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Tuesday, September 21, 2010

Putting Republicans on the Crazy Train

I've never actually been seasick, but watching Gallup's weekly polling going into the midterms gives me an idea what it must be like. At the end of August, Republicans scored a ten-point lead -- which Gallup called "unprecedented" -- in their generic congressional ballot. The press went crazy. Then, a week later, that lead was gone. Both parties were tied. This didn't match the media narrative, so this poll was widely ignored. A week later, the GOP had regained half that lead. But now this week, it's gone again, with Democrats leading by a statistically insignificant 1%. Up, down, up, down. I think I'm gonna barf.

Gallup poll graphic
Click for full sized graphic

It's hard to make any sense of this at all, other than to say that public opinion, while leaning Republican in recent months, is definitely in flux. And that it really doesn't take much to knock the GOP back a step. But the polling does come with a caveat; Republican voters are still more excited about voting. According to Gallup, a lot more.

The enthusiasm gap this past week was 19 percentage points, with 47% of Republicans very enthusiastic about voting, compared with 28% of Democrats. Republicans have enjoyed at least a 10-point advantage on this measure since Gallup began tracking congressional election preferences in March, including margins of 16 points or higher since August.

Given this continuing enthusiasm gap between Republicans and Democrats, even a tie in registered voters' preferences will almost certainly mean the Republicans will garner the most votes on Election Day.

Registered voters may or may not be actual voters on election day, so a tie between the two parties doesn't equate to a November wash. But still, it's hard to see the Republican lead as anything but unstable. In Gallup's analysis, a lot of this has to do with some Republican candidates. They may just be too crazy for most people to stomach:

The pace of midterm congressional election campaigning is beginning to pick up, both at the individual district level, and in terms of national news emphasis. Last week's primary elections, for example, focused news attention on the potential impact of more conservative, Tea Party-backed Republican candidates on the general election. It is possible that further shifts in voter sentiment will be seen in the weeks ahead.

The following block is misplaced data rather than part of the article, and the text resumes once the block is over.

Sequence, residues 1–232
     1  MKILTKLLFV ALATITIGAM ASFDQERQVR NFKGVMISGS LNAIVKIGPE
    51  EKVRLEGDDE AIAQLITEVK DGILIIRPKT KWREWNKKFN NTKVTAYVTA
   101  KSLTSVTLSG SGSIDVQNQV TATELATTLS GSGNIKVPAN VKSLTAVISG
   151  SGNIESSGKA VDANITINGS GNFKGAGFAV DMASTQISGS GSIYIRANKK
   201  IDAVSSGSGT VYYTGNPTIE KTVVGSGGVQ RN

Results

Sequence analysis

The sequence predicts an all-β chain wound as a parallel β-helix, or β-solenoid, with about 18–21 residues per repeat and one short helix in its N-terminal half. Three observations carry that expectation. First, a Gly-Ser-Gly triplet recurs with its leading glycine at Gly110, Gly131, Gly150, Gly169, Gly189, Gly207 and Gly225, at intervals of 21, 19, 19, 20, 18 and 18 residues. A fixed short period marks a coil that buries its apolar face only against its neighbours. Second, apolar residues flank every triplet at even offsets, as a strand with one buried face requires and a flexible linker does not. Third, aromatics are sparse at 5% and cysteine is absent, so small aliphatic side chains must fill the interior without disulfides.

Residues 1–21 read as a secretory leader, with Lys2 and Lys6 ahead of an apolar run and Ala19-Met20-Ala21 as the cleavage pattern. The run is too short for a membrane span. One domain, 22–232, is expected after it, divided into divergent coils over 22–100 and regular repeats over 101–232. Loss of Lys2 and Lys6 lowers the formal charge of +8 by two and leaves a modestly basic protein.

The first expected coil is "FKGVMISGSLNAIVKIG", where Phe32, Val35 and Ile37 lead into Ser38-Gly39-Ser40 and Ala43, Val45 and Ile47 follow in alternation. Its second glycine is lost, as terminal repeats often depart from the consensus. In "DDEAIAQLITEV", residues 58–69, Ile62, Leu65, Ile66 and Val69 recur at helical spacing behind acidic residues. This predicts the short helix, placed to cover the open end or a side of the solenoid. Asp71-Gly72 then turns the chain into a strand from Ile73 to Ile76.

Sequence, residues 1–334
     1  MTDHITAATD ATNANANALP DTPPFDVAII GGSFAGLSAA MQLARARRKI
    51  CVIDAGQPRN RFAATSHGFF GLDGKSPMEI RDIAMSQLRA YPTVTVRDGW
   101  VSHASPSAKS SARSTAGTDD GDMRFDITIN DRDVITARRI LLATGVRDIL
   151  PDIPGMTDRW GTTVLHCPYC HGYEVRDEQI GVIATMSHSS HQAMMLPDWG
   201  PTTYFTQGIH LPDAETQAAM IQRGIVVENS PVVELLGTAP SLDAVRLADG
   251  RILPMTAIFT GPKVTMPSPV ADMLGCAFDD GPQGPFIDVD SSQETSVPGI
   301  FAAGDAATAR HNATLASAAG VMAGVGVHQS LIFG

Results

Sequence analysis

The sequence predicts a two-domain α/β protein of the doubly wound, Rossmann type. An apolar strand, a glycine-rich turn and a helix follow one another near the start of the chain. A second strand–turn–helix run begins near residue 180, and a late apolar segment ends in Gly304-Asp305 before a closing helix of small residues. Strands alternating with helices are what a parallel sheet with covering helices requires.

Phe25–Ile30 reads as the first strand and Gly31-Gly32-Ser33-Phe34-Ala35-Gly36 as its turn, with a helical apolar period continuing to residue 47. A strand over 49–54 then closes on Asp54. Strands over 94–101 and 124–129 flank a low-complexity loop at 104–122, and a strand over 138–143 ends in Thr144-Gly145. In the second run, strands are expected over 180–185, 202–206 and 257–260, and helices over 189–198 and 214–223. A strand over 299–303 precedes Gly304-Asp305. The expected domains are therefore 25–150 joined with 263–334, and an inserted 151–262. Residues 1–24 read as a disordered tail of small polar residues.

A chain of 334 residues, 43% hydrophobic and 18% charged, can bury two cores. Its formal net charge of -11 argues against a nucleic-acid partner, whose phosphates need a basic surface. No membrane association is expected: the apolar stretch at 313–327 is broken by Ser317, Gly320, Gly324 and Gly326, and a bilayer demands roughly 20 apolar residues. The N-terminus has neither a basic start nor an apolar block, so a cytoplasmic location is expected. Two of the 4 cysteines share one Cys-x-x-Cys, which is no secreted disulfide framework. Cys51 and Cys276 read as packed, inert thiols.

Shorter version: coverage of Tea Party candidates went up and the Republican Party's prospects went down.

I've seen some worries in comment threads and on social sites that people are focusing too much on personalities and not enough on policy. But those concerns ignore what those personalities actually are like. Christine O'Donnell, for example, helps cement the idea that tea party candidates are far outside the mainstream, as does Sharron Angle. Rand Paul reminds voters what they don't like about Republicans by virtue of being a near-caricature of the "pile-on-the-downtrodden" GOPer. While these perceptions won't always resonate in local races, it's clear they make some difference nationally.

In addition, Republicans are running pretty much fact-free campaigns. With a media unwilling to separate fact from fiction, this puts the truth at a disadvantage. Even if you counter lies with facts, there's nothing to back you up -- other than those same facts. It's a depressing truth that facts don't matter anymore and Republicans know it. You bring figures from the Congressional Budget Office, the Republican brings figures from the GOP Ministry of Made-Up Numbers, and Wolf Blitzer shrugs his shoulders and says there are two sides to every story -- now here's video of Bristol Palin on Dancing With the Stars. Having a reporter point out lies would be "liberal media bias." What do you do with that? What can you do with that?

The only avenue left to dig Democrats out of the hole is to point out the obvious and the undeniable -- a lot of these people are crazy. And not the fun-at-a-party kind of crazy, the bad kind. Put Republicans on the spot, make them defend these lunatics or cut them loose. Are you with Rand Paul on the Civil Rights Act? Do you agree with Alaska senatorial candidate Joe Miller that federal unemployment benefits are unconstitutional? Do you agree with Sharron Angle that Social Security should be phased out and the Department of Education shut down -- or that rape can be a blessing in disguise? Give Republican candidates a choice: appeal to the teabagger base or to the rest of the electorate. It's a situation most won't benefit from. Advantage becomes predicament, since most of that GOP enthusiasm comes from the feverish base. And that's not enough in all cases.

It's kind of a cliche that denying you're crazy is a losing battle. The more you deny it, the crazier you look. And the alternative isn't any better; confirming you're crazy doesn't win you any prizes either. Pin Republican candidates down on issues the craziest among them advocate, then let the unwinnable situation work its magic.

I know it seems cynical, but given our media landscape, what's left? Polling shows that the Republican advantage on anything other than enthusiasm is pretty weak. So knock the weak leg out from under them. People don't like the extremism, so make them declare their extremism or lack of it. Are you or are you not this crazy? In our current media environment, it might be the only strategy that actually works.


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UPDATE: Nate Silver at FiveThirtyEight has an interesting piece on generic congressional ballots and why they may not be as accurate as everyone seems to be assuming. An interesting read.